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Costs Outweigh Benefits

By Mark Lange
NCC President & CEO

A National Cotton Council analysis of House-passed energy legislation finds that the resulting higher costs of energy and other crop production inputs would far outweigh any resulting benefits.

What are the House energy bill’s important agricultural provisions?

The American Clean Energy and Security Act (H.R. 2454) authorizes USDA to develop and administer agricultural offsets in a cap-and-trade program to reduce U.S. greenhouse gas emissions. Agriculture is exempted from emission reduction requirements, and agricultural offsets can be sold in Commodity Futures Trading Commission-regulated markets.

How will the legislation affect U.S. cotton?

The NCC supports development of these offsets as a means to partially mitigate the impact of significantly higher costs of energy and other production inputs to agriculture and agribusiness. Unfortunately, we cannot support the bill as it is written because these higher costs far outweigh any benefits resulting from offsets.

Production, marketing and processing will be adversely affected in varying degrees. A preliminary analysis of direct energy costs related to production, ginning, marketing and yarn spinning indicates that each 10 percent increase in input prices raises costs to those U.S. cotton sectors by at least $175 million. The latest analysis by the Environmental Protection Agency indicates that when the legislation is fully implemented, there would be increases of 30 percent in electricity and natural gas prices and a 15 percent increase in petroleum prices. The total annual effect of those percentage increases on the U.S. cotton sector would range between $300 and $400 million. This also does not fully account for the many ripple effects that higher energy costs will have on all industries that supply inputs to the entire U.S. raw cotton industry.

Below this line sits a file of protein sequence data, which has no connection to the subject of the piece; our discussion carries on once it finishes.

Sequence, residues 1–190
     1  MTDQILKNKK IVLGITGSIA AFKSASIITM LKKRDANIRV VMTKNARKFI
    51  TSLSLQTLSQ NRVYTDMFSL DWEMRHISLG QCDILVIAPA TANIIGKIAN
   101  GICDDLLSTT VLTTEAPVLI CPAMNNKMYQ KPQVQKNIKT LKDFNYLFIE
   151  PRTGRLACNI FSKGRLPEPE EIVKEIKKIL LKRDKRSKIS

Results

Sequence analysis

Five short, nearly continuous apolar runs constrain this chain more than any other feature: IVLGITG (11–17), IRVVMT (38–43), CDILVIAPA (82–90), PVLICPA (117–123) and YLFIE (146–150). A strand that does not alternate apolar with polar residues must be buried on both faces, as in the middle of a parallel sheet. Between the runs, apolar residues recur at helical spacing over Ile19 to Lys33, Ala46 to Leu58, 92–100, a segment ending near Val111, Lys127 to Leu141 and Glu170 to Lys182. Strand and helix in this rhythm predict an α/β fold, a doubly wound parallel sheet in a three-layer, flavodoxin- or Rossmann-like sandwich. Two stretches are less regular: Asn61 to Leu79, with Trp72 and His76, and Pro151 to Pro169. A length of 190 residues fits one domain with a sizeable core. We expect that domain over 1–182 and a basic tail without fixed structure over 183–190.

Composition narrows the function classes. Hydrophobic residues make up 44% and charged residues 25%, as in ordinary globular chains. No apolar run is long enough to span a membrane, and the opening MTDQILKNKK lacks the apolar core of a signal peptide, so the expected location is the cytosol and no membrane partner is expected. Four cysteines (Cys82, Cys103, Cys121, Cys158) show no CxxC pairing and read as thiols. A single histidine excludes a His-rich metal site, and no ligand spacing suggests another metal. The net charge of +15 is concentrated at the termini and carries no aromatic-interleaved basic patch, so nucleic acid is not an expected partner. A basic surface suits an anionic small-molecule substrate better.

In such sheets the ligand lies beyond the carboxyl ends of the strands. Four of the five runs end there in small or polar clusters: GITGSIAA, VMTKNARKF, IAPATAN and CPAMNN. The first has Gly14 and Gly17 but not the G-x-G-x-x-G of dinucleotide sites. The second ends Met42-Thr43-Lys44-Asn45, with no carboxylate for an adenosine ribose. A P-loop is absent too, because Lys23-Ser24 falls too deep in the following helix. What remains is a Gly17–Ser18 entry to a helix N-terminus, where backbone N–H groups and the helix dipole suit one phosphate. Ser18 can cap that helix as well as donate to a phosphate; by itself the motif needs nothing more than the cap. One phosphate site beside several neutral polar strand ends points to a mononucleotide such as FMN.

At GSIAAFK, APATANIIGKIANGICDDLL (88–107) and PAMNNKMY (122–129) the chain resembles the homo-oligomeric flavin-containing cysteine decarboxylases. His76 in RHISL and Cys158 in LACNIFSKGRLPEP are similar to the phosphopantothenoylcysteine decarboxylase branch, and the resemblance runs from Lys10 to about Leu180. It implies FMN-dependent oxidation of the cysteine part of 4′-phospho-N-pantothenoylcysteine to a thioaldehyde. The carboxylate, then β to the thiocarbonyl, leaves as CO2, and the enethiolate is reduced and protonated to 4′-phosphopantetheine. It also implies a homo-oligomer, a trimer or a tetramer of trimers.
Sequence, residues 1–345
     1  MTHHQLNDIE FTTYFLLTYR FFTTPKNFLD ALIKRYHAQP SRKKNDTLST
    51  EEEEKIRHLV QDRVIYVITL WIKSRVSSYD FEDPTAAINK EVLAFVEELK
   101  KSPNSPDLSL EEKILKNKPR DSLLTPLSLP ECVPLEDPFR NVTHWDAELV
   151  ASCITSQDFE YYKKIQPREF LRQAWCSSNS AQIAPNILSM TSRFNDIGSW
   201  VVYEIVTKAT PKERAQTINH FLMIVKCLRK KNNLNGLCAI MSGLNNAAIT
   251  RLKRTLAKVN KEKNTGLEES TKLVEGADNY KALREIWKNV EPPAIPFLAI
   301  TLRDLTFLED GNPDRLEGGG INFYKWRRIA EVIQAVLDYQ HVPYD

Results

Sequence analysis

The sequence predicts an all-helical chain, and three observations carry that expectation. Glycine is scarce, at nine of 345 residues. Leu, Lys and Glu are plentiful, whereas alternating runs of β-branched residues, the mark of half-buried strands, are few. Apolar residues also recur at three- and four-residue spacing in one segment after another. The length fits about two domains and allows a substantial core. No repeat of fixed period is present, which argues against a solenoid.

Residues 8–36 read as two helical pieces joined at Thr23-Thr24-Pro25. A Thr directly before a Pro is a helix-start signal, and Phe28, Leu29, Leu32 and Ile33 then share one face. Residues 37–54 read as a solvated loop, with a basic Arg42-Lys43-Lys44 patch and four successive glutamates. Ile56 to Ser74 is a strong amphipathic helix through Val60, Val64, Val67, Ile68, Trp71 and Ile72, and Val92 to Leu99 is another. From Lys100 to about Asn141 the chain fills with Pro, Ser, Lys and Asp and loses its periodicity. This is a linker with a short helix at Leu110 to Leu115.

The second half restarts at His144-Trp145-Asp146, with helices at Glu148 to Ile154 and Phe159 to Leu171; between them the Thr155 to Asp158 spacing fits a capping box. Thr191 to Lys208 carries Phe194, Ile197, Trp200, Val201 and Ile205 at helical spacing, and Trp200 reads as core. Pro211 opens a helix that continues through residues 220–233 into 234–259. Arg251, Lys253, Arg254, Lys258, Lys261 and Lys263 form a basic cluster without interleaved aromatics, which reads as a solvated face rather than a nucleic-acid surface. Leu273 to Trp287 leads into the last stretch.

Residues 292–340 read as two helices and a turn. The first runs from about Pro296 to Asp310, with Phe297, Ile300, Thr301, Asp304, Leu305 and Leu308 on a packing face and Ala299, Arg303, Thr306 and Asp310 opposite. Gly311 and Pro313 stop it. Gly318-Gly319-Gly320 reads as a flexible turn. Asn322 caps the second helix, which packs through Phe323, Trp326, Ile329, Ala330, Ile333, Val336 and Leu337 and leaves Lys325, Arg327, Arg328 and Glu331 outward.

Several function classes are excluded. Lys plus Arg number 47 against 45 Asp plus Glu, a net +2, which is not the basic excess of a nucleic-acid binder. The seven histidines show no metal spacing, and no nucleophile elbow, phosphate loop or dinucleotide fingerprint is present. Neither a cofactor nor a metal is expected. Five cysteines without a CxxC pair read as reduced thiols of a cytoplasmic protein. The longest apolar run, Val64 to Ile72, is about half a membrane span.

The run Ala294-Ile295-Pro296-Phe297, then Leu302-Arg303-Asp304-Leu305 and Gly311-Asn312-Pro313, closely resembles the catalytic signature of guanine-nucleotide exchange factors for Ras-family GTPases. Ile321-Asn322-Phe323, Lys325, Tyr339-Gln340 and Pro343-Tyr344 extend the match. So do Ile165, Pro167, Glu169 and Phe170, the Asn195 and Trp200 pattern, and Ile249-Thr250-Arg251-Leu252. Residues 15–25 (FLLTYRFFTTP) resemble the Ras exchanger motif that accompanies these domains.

Further, we are concerned that under this legislation, existing conservation efforts will not qualify as mitigating practices.

Would the bill create international disparity?

Yes. The additional production costs that will result from this bill’s implementation would place U.S. cotton and cotton products at a clear disadvantage in international markets – markets that are critically important to the U.S. cotton industry’s future health. The most prominent examples of this are China and India – the world’s largest cotton and textile producing countries – which are international competitors. Even though both are significant – and growing – greenhouse gas emitters, these two countries thus far have refused to sign onto any agreement to curtail their emissions.

Again, without significant modifications and improvements to address the concerns outlined above, the NCC cannot support this bill. The Senate has begun work on its energy bill. It may be late summer or early fall before any Senate legislation is marked up in committee.

Mark Lange is president and chief executive officer for the National Cotton Council of America. He and other NCC leaders contribute columns on this Cotton Farming page.

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